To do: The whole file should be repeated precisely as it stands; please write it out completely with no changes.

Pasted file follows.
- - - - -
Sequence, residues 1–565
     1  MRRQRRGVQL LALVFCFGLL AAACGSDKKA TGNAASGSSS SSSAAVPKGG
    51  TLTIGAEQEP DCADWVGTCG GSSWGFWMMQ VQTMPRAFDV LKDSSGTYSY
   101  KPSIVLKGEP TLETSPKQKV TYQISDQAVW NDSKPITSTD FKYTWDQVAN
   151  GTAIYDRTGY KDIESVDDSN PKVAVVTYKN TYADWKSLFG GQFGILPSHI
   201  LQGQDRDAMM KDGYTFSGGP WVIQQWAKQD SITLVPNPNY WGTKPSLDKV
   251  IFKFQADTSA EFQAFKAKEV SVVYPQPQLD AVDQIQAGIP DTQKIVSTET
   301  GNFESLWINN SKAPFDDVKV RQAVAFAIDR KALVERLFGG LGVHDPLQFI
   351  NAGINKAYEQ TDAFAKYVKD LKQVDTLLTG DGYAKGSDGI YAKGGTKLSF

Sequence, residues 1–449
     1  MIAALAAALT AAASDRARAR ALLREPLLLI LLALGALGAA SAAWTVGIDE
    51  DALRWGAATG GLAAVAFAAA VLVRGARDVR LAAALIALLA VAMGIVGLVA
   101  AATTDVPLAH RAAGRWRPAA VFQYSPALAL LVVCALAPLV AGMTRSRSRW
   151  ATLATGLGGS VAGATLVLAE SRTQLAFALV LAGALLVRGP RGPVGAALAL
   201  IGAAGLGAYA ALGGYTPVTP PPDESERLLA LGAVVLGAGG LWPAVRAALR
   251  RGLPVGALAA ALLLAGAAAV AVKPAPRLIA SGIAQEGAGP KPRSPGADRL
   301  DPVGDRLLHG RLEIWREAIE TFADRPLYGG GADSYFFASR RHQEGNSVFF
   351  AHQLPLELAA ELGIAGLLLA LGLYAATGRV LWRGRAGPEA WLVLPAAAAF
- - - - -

Sequence, residues 1–565
     1  MRRQRRGVQL LALVFCFGLL AAACGSDKKA TGNAASGSSS SSSAAVPKGG
    51  TLTIGAEQEP DCADWVGTCG GSSWGFWMMQ VQTMPRAFDV LKDSSGTYSY
   101  KPSIVLKGEP TLETSPKQKV TYQISDQAVW NDSKPITSTD FKYTWDQVAN
   151  GTAIYDRTGY KDIESVDDSN PKVAVVTYKN TYADWKSLFG GQFGILPSHI
   201  LQGQDRDAMM KDGYTFSGGP WVIQQWAKQD SITLVPNPNY WGTKPSLDKV
   251  IFKFQADTSA EFQAFKAKEV SVVYPQPQLD AVDQIQAGIP DTQKIVSTET
   301  GNFESLWINN SKAPFDDVKV RQAVAFAIDR KALVERLFGG LGVHDPLQFI
   351  NAGINKAYEQ TDAFAKYVKD LKQVDTLLTG DGYAKGSDGI YAKGGTKLSF

Sequence, residues 1–449
     1  MIAALAAALT AAASDRARAR ALLREPLLLI LLALGALGAA SAAWTVGIDE
    51  DALRWGAATG GLAAVAFAAA VLVRGARDVR LAAALIALLA VAMGIVGLVA
   101  AATTDVPLAH RAAGRWRPAA VFQYSPALAL LVVCALAPLV AGMTRSRSRW
   151  ATLATGLGGS VAGATLVLAE SRTQLAFALV LAGALLVRGP RGPVGAALAL
   201  IGAAGLGAYA ALGGYTPVTP PPDESERLLA LGAVVLGAGG LWPAVRAALR
   251  RGLPVGALAA ALLLAGAAAV AVKPAPRLIA SGIAQEGAGP KPRSPGADRL
   301  DPVGDRLLHG RLEIWREAIE TFADRPLYGG GADSYFFASR RHQEGNSVFF
   351  AHQLPLELAA ELGIAGLLLA LGLYAATGRV LWRGRAGPEA WLVLPAAAAF